Witness the Incredible Power of Nature: Wildebeest’s Daring Escape

This incredible footage shows the wildebeest’s impressive agility and stamina, as well as the lions’ cunning. It’s the perfect video to watch if you need a reminder of the incredible power of nature. Make sure you watch it; you won’t regret it!

Who knows, you may even gain a newfound appreciation for wildebeests!

How Likely Is a Wildebeest to Get the Better of a Lion?

It depends on a number of factors. Such as speed, for starters. Both lions and wildebeest are capable of reaching a maximum speed of 80 mph. However, the wildebeest is capable of maintaining it for longer compared to the apex predator.

And in spite of their rather laid-back demeanor, wildebeests are actually pretty powerful. They are also capable of weighing as much as lions, if not more (male wildebeests weigh between 400 – 550 lbs, while male lions weigh between 330 – 550 lbs) and outweighing lionesses (which weigh between 265 – 395 lbs).

A male wildebeest can weigh up to 550 pounds, which is comparable to a male lion.

© Canning

And while weight might not account for much against a hungry pride of cunning lionesses or a ravenous lion, wildebeest also come with muscles that have an efficiency of 62.6% and impressive athleticism, as seen by the ease with which the wildebeest in the video sprang over the heads of its feline hunters.

There are also those horns that can deal serious damage to lions and leopards alike.

As a matter of fact, there has been an instance of one wildebeest actually managing to fight off two lionesses and tossing one with its horns.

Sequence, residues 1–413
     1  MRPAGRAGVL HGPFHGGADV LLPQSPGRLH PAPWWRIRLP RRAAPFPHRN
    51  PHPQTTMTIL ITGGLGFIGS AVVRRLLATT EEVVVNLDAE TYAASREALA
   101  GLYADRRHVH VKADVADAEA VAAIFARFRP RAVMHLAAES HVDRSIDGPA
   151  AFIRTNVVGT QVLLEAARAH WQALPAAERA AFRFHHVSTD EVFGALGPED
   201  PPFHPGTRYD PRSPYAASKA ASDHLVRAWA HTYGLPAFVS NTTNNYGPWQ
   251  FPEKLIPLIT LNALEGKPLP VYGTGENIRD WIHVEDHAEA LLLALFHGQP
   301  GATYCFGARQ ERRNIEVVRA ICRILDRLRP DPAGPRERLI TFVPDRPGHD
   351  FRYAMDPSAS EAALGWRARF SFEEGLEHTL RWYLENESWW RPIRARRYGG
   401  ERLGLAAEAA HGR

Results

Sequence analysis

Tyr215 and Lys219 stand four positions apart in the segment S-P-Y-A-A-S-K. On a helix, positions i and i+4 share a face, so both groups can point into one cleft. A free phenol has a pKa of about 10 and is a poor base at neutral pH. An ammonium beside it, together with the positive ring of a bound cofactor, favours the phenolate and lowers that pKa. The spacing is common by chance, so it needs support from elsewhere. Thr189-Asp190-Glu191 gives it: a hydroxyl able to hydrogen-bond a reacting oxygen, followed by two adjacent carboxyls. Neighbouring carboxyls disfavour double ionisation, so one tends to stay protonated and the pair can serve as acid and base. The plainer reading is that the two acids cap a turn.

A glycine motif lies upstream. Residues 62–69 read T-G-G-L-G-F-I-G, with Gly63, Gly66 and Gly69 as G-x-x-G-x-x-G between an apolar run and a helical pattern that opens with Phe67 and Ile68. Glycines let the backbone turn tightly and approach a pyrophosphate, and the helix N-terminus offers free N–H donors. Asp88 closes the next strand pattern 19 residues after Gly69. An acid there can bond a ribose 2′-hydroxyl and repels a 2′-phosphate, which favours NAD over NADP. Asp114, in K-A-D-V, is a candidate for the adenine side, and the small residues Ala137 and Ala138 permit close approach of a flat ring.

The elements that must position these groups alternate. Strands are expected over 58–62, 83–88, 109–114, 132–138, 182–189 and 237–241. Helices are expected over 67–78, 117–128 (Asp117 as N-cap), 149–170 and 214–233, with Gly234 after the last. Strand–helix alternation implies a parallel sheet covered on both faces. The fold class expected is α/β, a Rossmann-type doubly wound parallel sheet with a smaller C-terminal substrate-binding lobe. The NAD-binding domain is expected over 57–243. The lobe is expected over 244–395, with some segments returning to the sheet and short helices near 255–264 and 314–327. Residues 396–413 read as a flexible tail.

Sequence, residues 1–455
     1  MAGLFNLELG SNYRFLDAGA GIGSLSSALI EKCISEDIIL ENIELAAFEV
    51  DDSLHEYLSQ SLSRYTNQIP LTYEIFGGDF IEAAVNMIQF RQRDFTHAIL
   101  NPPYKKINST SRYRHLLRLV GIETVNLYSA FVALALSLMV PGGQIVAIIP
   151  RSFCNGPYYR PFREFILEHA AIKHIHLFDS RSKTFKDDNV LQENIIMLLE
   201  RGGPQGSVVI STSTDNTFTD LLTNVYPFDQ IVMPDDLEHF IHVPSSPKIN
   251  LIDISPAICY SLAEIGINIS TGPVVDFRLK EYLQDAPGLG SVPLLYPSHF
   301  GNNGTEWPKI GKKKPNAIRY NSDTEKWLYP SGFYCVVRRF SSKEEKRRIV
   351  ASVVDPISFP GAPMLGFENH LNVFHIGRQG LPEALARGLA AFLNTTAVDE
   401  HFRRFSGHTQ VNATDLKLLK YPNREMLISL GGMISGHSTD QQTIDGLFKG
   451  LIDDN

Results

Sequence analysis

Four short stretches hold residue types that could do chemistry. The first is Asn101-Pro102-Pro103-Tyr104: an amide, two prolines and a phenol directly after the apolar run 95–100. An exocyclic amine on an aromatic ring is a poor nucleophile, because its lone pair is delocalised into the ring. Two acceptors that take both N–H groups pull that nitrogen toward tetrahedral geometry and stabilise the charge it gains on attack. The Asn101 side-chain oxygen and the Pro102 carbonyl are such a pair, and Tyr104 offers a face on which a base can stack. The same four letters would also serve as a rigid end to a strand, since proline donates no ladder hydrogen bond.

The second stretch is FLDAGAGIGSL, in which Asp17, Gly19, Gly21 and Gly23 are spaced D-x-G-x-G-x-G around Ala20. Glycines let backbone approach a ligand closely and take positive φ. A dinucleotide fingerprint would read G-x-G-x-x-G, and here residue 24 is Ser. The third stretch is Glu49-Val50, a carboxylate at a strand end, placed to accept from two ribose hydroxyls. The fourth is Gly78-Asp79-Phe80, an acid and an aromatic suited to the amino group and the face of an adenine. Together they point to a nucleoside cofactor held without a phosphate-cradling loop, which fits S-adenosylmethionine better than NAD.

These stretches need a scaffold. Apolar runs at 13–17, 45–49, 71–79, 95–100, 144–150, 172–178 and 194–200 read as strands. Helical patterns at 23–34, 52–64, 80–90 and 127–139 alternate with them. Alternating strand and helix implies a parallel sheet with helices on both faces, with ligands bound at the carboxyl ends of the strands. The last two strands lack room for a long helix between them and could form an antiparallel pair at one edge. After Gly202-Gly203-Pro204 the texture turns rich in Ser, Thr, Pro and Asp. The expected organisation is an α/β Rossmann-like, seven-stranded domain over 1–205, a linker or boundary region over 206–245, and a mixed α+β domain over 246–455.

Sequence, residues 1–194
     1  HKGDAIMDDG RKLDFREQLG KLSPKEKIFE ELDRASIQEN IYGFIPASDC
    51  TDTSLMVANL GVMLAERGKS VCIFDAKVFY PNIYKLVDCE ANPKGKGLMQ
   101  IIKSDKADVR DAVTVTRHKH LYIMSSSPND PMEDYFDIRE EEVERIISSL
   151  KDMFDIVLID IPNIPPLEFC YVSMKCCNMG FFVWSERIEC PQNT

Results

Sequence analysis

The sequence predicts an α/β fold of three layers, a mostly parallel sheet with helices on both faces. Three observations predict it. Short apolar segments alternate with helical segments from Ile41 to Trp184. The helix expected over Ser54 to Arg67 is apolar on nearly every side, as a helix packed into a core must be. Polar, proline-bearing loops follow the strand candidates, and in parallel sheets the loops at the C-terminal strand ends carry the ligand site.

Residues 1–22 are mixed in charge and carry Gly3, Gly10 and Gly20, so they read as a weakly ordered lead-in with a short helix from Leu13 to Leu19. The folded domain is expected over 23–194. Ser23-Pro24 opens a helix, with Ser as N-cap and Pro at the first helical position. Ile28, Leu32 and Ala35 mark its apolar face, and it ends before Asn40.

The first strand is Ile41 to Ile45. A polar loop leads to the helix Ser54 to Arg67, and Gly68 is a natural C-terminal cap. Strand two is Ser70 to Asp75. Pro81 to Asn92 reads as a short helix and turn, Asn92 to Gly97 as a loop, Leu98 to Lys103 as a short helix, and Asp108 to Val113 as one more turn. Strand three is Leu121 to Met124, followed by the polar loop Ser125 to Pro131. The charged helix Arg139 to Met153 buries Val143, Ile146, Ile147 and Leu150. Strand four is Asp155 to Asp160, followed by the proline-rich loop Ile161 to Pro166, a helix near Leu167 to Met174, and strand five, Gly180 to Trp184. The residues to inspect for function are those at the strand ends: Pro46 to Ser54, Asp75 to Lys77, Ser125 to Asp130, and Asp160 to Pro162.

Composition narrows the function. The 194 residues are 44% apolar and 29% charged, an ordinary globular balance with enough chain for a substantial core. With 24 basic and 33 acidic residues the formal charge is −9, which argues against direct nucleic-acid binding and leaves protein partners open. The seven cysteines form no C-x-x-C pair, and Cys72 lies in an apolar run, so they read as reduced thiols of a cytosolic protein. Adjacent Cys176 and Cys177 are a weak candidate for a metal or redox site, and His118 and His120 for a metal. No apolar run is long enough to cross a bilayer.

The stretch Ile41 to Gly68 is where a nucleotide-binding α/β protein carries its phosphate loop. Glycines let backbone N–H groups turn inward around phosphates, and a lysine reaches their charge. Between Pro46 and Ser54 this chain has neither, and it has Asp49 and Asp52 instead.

The Normal Diet of Lions

Lions are carnivorous animals and typically feed on large prey, such as wildebeest, antelopes, zebras, and buffalo. They also feed on smaller animals like rodents, birds, and reptiles. Lions have the ability to take down large animals, and it is not uncommon for them to hunt and kill a wildebeest.

Lions are typically group hunters and will stalk their prey, using their acute senses of smell and hearing to locate their target. Once they have found their prey, they use their speed and strength to take down their target, often using the element of surprise. Lions usually hunt during the night or during the early morning, when their prey is less alert and easier to catch.

Once the prey is caught, lions will usually begin to eat immediately. They will first consume the blood and organs of the animal and then move on to the muscle and fat. Lions will typically eat until they are full, but it is not uncommon for them to take some of the food back to their den or bury it for later.

To supplement their diet, lions will also feed on carrion, which is the remains of dead animals. This is not a favorite part of their diet, but it helps to sustain them during times of scarcity.

Pride of lions in grass

Lions are one of the few cats that are truly social creatures and live in groups.

©Riaan van den Berg/

Where Does This Video Take Place?

This amazing video was captured in Kruger National Park, which is located in northeastern South Africa. From Johannesburg, it’s about a 4-hour drive to the park.

Other Amazing Animal Videos You Make Like

A mother will do anything to protect her babies. In Zambia, a mother elephant battles a crocodile and dominates the fight. Watch as the giant mama stomps the crocodile numerous times and jabs it with her trunk. Satisfied but worn out with her kill, the proud mother takes a drink at the end.

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About the Author

Crystal is a dedicated writer at A-Z Animals, focusing on topics related to mammals, insects, and travel. With over a decade of experience in the world of research and writing, she also fulfills the role of a skilled video and audio engineer. Residing in sunny Florida, alligators are Crystal's favorite animal.